Secretary of State Mike Pompeo declined to say whether the U.S. would persue some sort of punitive action against China following reports that it falsified its data on coronavirus cases and deaths.
Both Pompeo and President Donald Trump have stopped short of openly condemning China’s handling of its outbreak in Wuhan, though Pompeo did say China had a “special responsibility” to provide accurate data to the world as quickly as possible when its outbreak first started.
“This is not the time for retribution,” he said, adding that the U.S. would look at whether China fulfilled its duty at a later date.
Pompeo also echoed Trump on whether the U.S. would freeze funding for the World Health Organization, which Trump has criticized as being too “China-centric” amid the pandemic. (RELATED: Top WHO Official Won Election With China’s Help)
“We are re-evaluating our funding with respect to the World Health Organization… It hasn’t accomplished what it was intended to deliver.” pic.twitter.com/tjB7wsVwf9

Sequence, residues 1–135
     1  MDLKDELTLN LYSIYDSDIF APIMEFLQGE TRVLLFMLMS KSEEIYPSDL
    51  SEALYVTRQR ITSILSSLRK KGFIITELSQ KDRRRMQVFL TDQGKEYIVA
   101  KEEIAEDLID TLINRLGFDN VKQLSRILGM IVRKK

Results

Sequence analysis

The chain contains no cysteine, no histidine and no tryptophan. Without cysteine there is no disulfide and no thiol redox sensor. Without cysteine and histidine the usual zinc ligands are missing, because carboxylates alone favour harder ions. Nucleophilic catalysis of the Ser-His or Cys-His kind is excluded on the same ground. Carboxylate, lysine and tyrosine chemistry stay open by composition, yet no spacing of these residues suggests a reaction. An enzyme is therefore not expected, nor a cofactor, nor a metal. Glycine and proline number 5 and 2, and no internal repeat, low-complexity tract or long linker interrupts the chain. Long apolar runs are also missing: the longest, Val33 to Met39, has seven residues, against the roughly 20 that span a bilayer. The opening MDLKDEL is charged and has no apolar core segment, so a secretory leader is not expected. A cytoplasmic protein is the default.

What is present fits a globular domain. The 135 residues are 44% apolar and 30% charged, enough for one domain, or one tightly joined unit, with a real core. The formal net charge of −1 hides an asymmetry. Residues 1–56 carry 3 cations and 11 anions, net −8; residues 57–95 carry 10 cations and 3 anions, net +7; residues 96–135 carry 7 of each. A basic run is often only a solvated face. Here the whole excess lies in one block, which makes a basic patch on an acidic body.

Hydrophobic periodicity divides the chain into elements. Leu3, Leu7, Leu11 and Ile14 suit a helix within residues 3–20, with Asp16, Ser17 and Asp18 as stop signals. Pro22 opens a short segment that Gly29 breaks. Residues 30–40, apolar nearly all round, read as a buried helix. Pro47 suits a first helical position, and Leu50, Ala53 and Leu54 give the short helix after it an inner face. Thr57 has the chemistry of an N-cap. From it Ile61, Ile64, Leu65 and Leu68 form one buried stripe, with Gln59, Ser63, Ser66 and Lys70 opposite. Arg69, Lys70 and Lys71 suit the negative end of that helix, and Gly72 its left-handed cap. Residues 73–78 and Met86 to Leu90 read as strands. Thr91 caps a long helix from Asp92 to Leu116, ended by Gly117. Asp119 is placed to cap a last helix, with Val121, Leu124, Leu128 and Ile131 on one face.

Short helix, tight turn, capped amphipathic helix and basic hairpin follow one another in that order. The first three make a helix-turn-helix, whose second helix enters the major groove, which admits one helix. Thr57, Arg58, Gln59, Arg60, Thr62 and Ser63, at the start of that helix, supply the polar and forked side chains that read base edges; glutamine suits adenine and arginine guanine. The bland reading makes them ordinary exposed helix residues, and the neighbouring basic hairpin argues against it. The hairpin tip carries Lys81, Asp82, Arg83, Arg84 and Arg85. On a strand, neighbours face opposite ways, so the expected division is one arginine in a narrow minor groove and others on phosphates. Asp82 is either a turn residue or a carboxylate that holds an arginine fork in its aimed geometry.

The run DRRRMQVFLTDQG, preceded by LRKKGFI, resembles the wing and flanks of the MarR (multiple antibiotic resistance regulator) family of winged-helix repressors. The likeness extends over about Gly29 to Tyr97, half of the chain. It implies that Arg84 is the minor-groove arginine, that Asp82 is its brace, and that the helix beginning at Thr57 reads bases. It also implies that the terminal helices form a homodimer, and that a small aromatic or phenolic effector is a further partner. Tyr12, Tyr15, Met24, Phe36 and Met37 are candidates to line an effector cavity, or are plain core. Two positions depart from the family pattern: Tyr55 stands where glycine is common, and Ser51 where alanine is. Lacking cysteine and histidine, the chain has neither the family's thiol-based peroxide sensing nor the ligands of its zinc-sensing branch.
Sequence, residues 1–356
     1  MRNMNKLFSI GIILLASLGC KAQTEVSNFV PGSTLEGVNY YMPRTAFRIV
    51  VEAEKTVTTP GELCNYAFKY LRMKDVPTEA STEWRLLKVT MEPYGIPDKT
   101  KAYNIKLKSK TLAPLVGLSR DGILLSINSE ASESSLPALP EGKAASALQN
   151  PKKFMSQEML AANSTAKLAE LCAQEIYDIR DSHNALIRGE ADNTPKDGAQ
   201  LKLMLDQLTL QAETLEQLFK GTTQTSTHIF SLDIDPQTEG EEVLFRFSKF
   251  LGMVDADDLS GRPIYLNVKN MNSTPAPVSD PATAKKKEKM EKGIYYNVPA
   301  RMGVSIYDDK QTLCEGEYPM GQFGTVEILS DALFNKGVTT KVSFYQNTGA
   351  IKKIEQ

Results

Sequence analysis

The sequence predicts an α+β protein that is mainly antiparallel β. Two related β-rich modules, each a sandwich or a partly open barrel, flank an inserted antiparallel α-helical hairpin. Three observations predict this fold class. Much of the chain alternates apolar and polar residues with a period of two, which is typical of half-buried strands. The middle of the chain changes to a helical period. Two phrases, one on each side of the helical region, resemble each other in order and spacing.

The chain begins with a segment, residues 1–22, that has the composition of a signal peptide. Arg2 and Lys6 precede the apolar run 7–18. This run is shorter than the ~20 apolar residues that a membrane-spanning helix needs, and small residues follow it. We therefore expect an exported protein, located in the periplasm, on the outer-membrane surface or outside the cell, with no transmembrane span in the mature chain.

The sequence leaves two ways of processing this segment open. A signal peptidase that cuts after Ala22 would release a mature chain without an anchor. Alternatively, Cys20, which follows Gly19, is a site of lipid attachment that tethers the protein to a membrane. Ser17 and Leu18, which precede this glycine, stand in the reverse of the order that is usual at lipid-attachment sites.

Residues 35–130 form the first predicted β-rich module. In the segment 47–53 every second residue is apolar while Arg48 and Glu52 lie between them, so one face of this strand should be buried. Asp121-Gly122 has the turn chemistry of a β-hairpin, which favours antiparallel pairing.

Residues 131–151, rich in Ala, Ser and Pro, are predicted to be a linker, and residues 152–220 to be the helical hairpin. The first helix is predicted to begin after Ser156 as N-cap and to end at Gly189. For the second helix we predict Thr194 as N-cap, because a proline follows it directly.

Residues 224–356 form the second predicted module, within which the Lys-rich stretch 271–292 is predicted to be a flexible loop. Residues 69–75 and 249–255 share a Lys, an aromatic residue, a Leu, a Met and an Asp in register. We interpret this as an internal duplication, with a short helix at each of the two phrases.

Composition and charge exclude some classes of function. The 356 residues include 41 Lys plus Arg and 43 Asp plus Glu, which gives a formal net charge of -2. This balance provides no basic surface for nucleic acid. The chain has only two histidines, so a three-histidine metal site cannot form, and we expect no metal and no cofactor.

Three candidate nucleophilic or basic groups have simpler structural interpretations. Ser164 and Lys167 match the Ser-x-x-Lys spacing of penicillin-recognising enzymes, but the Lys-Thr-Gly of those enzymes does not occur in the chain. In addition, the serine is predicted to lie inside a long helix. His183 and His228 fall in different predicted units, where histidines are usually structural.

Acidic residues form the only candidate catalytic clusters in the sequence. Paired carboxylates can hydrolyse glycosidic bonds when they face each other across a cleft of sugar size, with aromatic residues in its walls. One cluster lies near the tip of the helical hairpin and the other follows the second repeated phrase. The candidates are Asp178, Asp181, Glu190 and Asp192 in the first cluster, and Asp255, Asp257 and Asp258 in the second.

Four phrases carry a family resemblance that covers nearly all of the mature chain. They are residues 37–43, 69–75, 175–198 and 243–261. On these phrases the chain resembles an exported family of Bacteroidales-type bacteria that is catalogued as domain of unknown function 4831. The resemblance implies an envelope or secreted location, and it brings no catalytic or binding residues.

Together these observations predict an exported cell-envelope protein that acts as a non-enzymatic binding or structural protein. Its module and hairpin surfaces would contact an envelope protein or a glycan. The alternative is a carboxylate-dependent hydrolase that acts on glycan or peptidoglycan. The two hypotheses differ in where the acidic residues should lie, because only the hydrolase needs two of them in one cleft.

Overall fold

— Daily Caller (@DailyCaller) April 8, 2020
The U.S. intelligence community had reportedly concluded by mid-March that China was actively falsifying its coronavirus cases and death numbers during and after the outbreak in Wuhan. The official statistics say just over 2,500 people died of the virus in the city of 11 million, but new reports suggest the true number is over 40,000.
Reporters arrived at the number based on the output of burial urns from the city’s eight mortuaries, which sent out roughly 3,500 total per day between March 23 and April 4. (RELATED: The CIA Is Trying To Find China’s Real Coronavirus Numbers)
The WHO has consistently repeated China’s data and praised its response to the virus.